KABUL (Reuters) - Schools and health facilities have come under increasing threat as violence spreads in Afghanistan, making it harder for children especially to get access to education and medical care, the United Nations reported on Monday.
Western-backed Afghan government forces are locked in a protracted battle with Taliban insurgents who are at their strongest since they were ousted by U.S.-backed Afghan forces in late 2001.
International donors have poured billions of dollars into reconstruction in Afghanistan, including education and health programs, but the conflict threatens to undermine services provided to millions of Afghans, the new U.N. report said.
Although direct attacks on schools and health facilities dropped slightly from previous years, U.N. monitors recorded 257 conflict-related incidents in 2015, up from 130 in 2014.
“It is simply unacceptable for teachers, doctors and nurses to be subjected to violence or threats, and for schools and medical facilities to be misused or attacked,” Nicholas Haysom, the U.N. Secretary-General’s Special Representative for Afghanistan, said in a statement.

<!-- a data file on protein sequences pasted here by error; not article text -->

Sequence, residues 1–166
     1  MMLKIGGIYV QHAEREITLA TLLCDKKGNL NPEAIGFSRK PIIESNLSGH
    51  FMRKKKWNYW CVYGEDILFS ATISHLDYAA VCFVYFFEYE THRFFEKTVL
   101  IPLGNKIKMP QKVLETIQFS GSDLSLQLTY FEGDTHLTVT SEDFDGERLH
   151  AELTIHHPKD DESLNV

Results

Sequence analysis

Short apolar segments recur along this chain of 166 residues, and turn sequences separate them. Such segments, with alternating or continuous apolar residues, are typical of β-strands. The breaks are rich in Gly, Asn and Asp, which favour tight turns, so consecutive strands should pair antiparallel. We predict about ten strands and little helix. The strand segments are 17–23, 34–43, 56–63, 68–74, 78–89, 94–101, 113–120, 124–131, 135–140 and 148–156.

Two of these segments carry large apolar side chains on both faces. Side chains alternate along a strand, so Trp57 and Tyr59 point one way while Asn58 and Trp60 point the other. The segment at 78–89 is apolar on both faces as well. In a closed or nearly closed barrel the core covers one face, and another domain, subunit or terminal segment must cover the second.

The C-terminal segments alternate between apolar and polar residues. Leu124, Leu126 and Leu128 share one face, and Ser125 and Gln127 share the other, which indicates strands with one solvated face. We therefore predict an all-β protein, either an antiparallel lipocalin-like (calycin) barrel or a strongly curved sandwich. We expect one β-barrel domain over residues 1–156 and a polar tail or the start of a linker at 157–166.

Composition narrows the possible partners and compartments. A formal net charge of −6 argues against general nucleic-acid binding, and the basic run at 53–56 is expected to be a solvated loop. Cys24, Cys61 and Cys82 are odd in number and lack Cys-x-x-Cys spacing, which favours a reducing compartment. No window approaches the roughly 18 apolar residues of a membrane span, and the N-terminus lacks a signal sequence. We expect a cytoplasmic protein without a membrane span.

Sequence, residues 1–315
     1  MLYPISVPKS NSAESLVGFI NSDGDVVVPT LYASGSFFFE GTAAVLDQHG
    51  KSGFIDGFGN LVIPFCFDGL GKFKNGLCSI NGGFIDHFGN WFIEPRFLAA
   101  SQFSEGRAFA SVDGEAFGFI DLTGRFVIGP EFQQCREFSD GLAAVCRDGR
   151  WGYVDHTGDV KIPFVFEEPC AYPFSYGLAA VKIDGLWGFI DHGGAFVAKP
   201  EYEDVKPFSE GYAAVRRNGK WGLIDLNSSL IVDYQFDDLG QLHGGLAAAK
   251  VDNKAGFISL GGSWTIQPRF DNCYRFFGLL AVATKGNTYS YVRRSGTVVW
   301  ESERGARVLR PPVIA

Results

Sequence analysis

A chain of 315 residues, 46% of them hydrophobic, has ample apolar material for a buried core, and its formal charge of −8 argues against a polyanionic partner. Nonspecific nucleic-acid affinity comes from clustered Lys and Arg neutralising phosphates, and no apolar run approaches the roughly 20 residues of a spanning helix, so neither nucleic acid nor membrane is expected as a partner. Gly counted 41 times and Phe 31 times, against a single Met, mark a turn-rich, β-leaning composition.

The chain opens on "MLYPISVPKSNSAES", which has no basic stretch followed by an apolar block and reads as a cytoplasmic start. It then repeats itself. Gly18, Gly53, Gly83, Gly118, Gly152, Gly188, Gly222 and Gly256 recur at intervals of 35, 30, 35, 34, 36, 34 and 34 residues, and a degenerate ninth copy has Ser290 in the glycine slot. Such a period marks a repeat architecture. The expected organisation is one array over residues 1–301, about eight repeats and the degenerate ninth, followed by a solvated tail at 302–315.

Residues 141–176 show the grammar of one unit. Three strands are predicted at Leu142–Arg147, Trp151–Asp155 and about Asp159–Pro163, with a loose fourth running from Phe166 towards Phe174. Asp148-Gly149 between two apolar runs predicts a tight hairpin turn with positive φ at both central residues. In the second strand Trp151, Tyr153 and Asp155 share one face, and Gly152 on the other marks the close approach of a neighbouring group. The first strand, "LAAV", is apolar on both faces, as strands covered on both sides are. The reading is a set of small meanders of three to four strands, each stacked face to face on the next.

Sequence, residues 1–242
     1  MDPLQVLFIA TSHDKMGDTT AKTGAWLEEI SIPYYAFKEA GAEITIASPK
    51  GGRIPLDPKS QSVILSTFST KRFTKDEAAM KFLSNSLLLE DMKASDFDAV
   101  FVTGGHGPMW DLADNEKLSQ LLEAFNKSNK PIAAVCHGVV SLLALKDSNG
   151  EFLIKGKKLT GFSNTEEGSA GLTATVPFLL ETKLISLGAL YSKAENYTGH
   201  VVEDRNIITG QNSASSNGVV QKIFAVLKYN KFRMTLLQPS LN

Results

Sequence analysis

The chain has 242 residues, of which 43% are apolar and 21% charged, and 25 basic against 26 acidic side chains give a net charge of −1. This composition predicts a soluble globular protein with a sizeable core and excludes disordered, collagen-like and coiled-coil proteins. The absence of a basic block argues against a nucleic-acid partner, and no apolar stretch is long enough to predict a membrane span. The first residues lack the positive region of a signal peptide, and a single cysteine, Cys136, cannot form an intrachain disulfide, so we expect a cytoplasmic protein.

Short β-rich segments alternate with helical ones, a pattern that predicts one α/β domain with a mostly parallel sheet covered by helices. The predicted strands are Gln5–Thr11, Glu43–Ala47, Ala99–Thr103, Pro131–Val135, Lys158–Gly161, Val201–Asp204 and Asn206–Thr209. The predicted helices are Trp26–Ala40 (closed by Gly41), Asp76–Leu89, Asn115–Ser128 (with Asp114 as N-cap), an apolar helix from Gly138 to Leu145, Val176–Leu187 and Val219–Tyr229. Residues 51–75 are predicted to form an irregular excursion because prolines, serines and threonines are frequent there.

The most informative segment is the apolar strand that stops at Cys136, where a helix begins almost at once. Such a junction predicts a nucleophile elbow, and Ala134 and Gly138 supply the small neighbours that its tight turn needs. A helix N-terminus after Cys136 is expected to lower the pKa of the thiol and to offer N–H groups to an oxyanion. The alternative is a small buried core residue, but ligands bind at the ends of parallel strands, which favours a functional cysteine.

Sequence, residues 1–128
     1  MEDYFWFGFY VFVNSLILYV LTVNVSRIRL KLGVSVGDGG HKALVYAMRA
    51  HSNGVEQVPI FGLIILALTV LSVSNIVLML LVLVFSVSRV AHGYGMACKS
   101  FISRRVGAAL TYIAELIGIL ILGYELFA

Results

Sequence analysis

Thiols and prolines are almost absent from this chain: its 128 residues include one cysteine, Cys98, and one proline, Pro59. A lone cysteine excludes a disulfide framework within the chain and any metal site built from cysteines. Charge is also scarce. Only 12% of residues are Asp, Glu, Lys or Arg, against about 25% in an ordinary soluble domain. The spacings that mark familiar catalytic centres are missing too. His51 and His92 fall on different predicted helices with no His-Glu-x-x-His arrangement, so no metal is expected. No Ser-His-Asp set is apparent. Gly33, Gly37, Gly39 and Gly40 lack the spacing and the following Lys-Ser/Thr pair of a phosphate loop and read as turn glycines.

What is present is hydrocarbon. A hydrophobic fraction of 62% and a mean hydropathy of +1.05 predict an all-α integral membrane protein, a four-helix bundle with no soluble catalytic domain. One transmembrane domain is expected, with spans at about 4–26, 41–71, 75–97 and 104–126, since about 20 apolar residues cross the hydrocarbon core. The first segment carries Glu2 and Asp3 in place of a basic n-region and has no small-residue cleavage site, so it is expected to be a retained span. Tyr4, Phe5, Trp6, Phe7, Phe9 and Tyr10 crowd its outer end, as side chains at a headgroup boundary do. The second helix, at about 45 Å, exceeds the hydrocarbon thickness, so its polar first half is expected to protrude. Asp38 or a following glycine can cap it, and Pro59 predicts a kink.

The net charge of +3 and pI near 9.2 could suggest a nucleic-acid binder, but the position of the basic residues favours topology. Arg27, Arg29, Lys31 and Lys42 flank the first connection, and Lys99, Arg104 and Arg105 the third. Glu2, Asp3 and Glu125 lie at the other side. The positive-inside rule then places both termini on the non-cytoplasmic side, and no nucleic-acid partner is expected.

“All parties must take measures to protect education and health services in Afghanistan,” he said.
Sixty-three medical personnel were killed or wounded in 2015, most of them in a single, mistaken attack by a U.S. warplane on a Medecins Sans Frontieres hospital in the northern city of Kunduz in October.
In 2014, 25 health workers were killed or wounded.
A further 66 medical personnel were abducted in 2015, compared with 31 the year before.
Deaths and injuries among teachers and other education workers were down, to 26 in 2015 from 37 the year before, but abductions spiked to 49 from 14 in the same period.
Reports of threats and intimidation against medical and education workers also increased dramatically.
Violence forced more than 369 schools to close last year, affecting more than 139,000 students and 600 teachers, according to the U.N. report.
Among the hardest hit areas was eastern Nangarhar province, which borders Pakistan, where militants linked to the Islamic State militant group forced the closure of at least 11 clinics and 68 schools.
Insurgent groups were blamed for the majority of incidents, but pro-government forces were also reported to have harassed medical workers and used schools as fighting positions.
At least 600 civilians have been killed in fighting so far this year, with another 1,343 wounded, U.N. human rights investigators said on Sunday, with urban warfare causing a spike in casualties among women and children.
Reporting by Josh Smith; Editing by Paul Tait